Matthew Stabley

Virginia Teen's Heart Broken, Body Mending After Crash With Food Truck That Killed His Mother

A Virginia teenager critically injured in a crash that killed his mother says his heart is broken but his body his mending.

Lt. Gov. Ralph Northam, the Democratic candidate for governor of Virginia, paid a visit to Inova Children’s Hospital Tuesday and wound up in an eighth floor room where 17-year-old Ben Kaplan is spending his 54th day since he was flown to the hospital from the crash scene in critical condition.

“Mind my asking why you are in hospital?” Northam asked Ben.

“A man crashed his car when my mom was driving me to work,” Ben answered. “And I lost my mom.”

On Sept. 8 about 4:50 p.m., a man driving a bus converted into a food truck called Dane’s Great American Hamburger ran a stop sign on Watson Road and slammed into the Kaplans’ Audi station wagon on Evergreen Mills Road, killing 39-year-old Erin Kaplan and injuring Ben, his two sisters and his grandmother.

Only Ben remains hospitalized, but his improvement is remarkable to see.

“It's been tough,” he said. “I have a broken heart over the loss of my mother, but every day gets a little better, and I couldn’t do it without my grandma.”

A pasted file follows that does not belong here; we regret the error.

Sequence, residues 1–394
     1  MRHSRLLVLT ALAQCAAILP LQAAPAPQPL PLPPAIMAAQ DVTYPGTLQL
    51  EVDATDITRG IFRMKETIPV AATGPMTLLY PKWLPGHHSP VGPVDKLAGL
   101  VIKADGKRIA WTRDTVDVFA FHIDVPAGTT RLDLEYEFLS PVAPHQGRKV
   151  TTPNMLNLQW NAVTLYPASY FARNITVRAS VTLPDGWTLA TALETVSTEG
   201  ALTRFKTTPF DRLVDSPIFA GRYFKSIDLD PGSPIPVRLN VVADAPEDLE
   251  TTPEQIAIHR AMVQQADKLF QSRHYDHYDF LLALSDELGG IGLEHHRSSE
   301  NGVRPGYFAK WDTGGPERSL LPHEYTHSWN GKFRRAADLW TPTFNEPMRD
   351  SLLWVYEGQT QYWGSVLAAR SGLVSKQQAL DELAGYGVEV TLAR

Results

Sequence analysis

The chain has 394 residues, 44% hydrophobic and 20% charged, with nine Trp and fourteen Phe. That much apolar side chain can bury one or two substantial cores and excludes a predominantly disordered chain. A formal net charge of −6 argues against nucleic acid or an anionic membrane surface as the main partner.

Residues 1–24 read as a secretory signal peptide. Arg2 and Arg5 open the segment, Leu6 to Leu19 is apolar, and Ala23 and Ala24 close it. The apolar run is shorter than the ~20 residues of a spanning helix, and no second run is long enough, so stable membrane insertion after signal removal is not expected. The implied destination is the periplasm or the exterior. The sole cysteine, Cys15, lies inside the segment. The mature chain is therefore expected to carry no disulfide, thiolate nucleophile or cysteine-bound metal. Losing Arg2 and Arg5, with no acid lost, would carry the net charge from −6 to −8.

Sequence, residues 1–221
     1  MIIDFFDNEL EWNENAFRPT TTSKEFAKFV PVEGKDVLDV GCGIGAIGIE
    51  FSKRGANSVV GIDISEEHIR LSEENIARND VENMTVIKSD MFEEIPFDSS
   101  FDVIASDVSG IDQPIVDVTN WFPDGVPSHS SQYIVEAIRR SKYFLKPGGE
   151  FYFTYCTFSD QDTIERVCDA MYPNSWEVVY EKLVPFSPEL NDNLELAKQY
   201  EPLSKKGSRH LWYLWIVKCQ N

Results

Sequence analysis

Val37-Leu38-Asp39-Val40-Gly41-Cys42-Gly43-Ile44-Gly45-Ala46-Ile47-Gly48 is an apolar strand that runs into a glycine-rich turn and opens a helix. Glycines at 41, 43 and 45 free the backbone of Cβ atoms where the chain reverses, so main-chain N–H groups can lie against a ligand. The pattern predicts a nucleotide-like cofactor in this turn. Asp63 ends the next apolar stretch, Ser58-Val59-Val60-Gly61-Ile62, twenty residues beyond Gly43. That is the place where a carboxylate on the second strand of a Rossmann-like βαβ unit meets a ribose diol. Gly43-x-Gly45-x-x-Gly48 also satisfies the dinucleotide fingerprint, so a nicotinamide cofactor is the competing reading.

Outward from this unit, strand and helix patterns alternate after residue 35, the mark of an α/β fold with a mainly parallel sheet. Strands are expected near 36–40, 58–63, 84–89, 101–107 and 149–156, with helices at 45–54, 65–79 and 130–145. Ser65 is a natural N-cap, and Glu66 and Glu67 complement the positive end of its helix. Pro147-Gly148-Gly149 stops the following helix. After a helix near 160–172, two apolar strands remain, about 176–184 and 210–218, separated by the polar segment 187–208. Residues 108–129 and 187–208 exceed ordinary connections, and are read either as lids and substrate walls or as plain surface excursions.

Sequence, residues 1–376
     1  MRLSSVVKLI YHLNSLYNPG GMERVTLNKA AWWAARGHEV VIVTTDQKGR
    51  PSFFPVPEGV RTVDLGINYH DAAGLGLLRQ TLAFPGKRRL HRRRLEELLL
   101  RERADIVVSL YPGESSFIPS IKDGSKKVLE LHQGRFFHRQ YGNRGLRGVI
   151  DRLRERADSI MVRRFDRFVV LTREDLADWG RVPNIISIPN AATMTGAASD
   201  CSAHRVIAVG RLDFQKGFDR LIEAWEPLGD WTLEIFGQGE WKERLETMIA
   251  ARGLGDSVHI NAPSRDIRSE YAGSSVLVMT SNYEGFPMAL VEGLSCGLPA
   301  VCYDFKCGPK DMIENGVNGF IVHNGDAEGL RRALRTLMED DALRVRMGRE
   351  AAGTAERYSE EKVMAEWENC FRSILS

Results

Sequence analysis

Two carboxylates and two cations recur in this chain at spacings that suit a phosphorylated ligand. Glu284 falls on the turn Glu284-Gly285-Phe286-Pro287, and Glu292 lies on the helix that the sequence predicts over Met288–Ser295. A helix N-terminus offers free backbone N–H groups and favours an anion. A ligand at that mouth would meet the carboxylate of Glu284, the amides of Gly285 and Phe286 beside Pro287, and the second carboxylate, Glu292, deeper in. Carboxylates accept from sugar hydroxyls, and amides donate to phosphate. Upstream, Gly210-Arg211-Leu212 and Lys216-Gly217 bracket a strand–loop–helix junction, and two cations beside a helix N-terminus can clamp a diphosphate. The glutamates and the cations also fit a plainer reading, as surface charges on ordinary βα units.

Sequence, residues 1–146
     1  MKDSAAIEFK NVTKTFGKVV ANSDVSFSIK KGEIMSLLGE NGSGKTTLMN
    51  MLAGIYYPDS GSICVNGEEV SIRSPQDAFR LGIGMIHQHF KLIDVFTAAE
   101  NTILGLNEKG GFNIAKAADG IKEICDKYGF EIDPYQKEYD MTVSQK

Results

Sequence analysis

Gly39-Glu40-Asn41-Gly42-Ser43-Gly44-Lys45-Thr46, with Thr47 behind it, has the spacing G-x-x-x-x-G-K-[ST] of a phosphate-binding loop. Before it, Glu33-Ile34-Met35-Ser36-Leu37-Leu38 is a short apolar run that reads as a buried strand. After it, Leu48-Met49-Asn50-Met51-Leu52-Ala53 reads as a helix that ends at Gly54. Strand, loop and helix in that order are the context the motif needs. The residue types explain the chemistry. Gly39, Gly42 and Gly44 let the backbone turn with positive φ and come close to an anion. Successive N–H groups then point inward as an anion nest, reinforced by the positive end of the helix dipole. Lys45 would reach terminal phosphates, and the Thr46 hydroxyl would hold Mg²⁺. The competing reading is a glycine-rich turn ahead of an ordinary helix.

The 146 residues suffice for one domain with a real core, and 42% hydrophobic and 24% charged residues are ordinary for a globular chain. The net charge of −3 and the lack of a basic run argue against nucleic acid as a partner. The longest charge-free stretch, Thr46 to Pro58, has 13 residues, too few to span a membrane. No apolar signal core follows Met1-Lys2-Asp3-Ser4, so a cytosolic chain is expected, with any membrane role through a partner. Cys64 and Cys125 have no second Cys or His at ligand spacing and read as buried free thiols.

He joked with Northam about how his hair is growing back around the staple scar circling his head.

"Do you like my mullet?" he asked.

The community has embraced the Kaplan family, raising tens of thousands of dollars to help with medical costs. Ben's sisters attended a recent volleyball game fundraiser.

In spite of his pain and loss, Ben is grateful.

“It's meant the world to me,” he said. “The man who hit our car, he taught me about the evil in the world, but seeing all these kind actions has really taught me that the world can be very nice, too.”

The Virginia Department of Transportation is fortifying the shoulder to improve safety at Watson and Evergreen Mills roads, and the Loudoun County Sheriff's Office is hitting the area with a special enforcement campaign.

"Right now, it's very very difficult, and we have so much traffic in this community," Sheriff Mike Chapman said.

Deputy Garry Epple pointed out speed control signs that also gather data about how people drive and traffic volume so they can determine the best times to patrol.

"I just don't want anyone to go through what I've gone through," Ben said. "Its' really hard."

Ben gets out of the hospital Tuesday. He's moving to a rehabilitation facility.

No charges have been filed in the crash.

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